I’ve always been a classic extrovert. I thrive on being around others and staying busy. As a kid, young adult, and through my early adult-life (basically, the time before kids came into the picture) it was basically my life’s mission to fill every spare moment of my time – and not only that, but to fill it with activities involving other people. Never did I think I’d become an introvert (sort of, anyway).
In high school, my spare time was spent doing the typical teen stuff, like going to the mall or the movies with friends, practicing with the golf team, or spending time with the boyfriend that I inevitably felt like I had to have to fulfill my social life dreams. (Sorry, Mom and Dad – you were right).
In college, I joined a sorority at Indiana University, where roughly 80 girls lived under one roof, ensuring that I had company at any moment that my naive college-student heart desired. And in law school, I surrounded myself with some awesome friends, started volunteering with the youth group at church, and spent every spare minute with my law school boyfriend. (He’s now my husband – no regrets, there!)
Admittedly, there was a learning curve when I moved back to Dayton for law school. I left the comfort of college, where I had learned to have built-in company at a moment’s notice and instead was living alone for the first time in my life. I spent a lot of spare time studying at Starbucks, just to be surrounded by other people, rather than sitting alone in my apartment.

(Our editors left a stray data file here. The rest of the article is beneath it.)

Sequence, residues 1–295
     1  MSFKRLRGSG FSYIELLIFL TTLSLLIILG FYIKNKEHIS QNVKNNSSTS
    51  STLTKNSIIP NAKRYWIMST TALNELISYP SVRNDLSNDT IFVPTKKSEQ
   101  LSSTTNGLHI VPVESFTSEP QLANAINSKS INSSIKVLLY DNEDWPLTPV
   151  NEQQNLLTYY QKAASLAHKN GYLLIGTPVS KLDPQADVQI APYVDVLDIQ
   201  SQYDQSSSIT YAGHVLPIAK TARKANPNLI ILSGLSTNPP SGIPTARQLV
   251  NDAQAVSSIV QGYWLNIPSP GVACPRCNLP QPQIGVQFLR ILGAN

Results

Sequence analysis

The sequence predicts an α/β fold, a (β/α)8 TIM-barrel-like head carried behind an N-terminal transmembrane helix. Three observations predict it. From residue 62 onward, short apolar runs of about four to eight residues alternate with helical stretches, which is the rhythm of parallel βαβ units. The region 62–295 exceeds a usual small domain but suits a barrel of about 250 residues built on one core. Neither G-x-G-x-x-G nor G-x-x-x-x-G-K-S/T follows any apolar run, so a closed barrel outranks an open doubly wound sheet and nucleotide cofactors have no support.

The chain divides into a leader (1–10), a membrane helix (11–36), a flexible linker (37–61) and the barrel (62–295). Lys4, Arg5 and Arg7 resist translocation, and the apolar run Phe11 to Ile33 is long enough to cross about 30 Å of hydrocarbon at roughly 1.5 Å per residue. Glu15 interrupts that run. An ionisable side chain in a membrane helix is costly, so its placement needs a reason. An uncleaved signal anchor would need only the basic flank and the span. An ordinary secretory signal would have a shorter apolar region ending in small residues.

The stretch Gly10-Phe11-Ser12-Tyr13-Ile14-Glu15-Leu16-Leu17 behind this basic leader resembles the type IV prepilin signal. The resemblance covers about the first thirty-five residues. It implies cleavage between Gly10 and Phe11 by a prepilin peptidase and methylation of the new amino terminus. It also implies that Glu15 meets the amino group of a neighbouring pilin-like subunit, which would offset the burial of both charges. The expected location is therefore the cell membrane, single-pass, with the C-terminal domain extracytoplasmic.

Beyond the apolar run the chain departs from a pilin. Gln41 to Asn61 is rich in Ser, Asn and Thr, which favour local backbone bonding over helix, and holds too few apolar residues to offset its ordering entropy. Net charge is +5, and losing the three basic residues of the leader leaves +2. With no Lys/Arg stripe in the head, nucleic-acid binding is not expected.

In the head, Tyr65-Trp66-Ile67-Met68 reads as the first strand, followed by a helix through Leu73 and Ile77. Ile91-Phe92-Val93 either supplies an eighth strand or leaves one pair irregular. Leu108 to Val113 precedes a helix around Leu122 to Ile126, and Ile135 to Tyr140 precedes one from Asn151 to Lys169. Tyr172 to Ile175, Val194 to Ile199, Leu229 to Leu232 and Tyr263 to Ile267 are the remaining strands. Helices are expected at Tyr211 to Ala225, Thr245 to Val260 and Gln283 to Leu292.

I say all of this to explain that truly, I mean it when I say that I’ve always been an extrovert.
Then, I had children. And you know what? Suddenly, I don’t feel the need to be around people every moment of every day. Now, I’m an introvert (sort of, anyway). I still love my social life, and I fill plenty of my free time with activities with friends. I love my boot camp community, my running group, and my book club, just to name a few of my social outlets. But you know what? Sometimes, all that I want in the world is the opportunity to be 100% completely alone.
Recently when my husband has been out of town for a few nights, I couldn’t believe how excited I was for the evenings alone after the kids went to bed, to do whatever I darn well-pleased. Bubble bath, trashy TV, reading a good book – anything I wanted, on my terms, with no conversation necessary. Seven years ago though, as a newlywed? If my husband had gone out of town, I would have spent his entire trip sulking and counting the minutes until he returned. My, how the times have changed.
More often than not, I still love to be around other people. But the realization that I now crave alone time, too, was a fascinating new phenomenon for me. We all know that motherhood changes us in more ways than we can count, but this change was one I never expected.
Has motherhood changed your outlook on having time to yourself? Do you have classic introvert moments now, too? I would love to hear your thoughts.